“We hurt the ones we love the most.”
What a weird phenomenon. If I’m honest, I don’t understand it. I know it’s true, but I think we can change it.
When I was a teenager, I quizzed over the gospel of Matthew. I learned the genealogy of Jesus, all the way back to Abraham, and I could quote it forward and backward in 30 seconds flat, which was the requirement for earning 20 points if I happened to jump on a question, cut off at, “Who was the father of…” I only did this once in competition, but it was a significantly awesome moment. I would like to admit that even though this was 20 years ago, I can still do it. Long term memory is also a weird phenomenon.
This year at the national quiz, I watched as my oldest daughter quoted the entire genealogy of Jesus, all the way back to Adam, found in Luke, forward and backward, in those same 30 seconds. It’s more impressive than my feat. But family legacy... weird, too…
Yay us! We could be auctioneers… or something…
In today’s reading, we come to the sons of Ishmael. I don’t know anyone who has ever memorized this or had any reason to speak these names out loud. As pastors, we often skip genealogical passages, altogether, when preaching or even reading Scripture. We say something like, “and then there’s a big, long list of names…” Everyone laughs, and we move on with the things we think matter more.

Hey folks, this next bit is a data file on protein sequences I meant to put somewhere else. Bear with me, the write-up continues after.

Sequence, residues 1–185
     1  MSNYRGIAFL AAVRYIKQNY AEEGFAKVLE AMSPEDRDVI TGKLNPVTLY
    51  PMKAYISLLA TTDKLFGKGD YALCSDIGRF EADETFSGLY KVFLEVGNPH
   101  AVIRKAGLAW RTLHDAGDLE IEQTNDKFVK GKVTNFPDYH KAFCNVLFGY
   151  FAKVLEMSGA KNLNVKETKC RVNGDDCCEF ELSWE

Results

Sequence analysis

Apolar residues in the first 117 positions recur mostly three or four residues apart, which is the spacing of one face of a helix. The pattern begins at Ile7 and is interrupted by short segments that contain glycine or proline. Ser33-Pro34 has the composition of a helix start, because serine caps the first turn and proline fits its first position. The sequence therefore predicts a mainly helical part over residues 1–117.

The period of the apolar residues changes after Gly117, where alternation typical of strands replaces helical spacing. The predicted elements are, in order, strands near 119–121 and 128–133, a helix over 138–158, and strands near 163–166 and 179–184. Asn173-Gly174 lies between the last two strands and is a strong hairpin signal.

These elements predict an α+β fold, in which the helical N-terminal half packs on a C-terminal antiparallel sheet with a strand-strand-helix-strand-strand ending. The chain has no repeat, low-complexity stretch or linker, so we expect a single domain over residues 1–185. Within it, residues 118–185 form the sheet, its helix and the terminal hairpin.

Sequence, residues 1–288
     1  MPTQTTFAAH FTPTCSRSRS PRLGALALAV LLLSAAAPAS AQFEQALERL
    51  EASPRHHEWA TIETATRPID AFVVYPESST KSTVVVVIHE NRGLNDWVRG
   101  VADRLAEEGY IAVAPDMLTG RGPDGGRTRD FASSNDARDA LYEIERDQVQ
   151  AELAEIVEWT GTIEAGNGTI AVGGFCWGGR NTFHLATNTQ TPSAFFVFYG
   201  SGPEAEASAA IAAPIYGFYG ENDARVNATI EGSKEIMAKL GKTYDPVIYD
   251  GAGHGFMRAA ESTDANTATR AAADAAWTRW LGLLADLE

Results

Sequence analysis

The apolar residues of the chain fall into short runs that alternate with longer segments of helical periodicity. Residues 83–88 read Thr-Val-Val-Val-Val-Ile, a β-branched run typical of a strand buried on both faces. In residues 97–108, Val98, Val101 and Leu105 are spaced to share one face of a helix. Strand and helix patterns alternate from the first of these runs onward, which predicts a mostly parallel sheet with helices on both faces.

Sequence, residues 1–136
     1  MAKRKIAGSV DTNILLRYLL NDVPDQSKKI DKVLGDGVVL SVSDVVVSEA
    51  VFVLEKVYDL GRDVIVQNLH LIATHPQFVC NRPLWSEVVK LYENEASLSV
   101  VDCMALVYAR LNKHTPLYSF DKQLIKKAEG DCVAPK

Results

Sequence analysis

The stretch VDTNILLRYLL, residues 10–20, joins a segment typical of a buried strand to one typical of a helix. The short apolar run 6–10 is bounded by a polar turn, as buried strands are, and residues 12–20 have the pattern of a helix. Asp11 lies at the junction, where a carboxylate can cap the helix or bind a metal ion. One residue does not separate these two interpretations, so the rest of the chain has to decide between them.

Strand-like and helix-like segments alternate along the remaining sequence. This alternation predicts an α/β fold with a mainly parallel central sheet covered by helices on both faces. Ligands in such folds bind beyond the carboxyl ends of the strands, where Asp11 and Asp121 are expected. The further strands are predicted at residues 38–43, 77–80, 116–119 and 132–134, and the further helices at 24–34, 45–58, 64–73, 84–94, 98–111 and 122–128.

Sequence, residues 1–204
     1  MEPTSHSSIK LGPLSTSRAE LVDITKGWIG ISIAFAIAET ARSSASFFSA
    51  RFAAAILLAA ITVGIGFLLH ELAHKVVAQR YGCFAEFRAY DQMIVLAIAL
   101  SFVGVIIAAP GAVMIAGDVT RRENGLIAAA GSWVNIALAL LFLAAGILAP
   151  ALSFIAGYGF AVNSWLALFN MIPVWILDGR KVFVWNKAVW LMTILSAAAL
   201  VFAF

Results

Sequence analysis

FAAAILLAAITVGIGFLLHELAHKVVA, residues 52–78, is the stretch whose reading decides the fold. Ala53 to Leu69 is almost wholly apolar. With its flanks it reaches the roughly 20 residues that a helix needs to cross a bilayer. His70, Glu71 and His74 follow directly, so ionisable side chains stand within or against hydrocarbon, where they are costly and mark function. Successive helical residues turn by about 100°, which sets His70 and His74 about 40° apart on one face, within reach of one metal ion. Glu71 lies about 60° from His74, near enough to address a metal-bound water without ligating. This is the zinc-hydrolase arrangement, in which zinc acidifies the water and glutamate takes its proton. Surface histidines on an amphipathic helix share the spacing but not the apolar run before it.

But these names represent people.
Genesis 25: 13-15, “These are the names of the sons of Ishmael, listed in the order of their birth: Nebaioth the firstborn of Ishmael, Kedar, Adbeel, Mibsam, Mishma, Dumah, Massa, Hadad, Tema, Jetur, Naphish and Kedemah” (NIV).
Twelve sons. Twelve tribes. And we don’t even know who they are. (At least, I don’t.)
Ishmael dies and is “gathered to his people” (v.17), because regardless of how difficult the people we love may be; this is what we do.
And his descendents “lived in hostility toward all the tribes related to them” (v.18). This should break us.
Names matter. People matter. Stories matter. May we not forget that this is true, even of those who do not rank as the ‘most important’ within (or outside of) our circles. And may we also not forget that it begins with family, because we are to be known by our love… not our damaging treatment of one another. When we don’t get this right, everything (and everyone) is intentionally forgotten by the wider community. Who would ever choose to be a part of that?
Post a Comment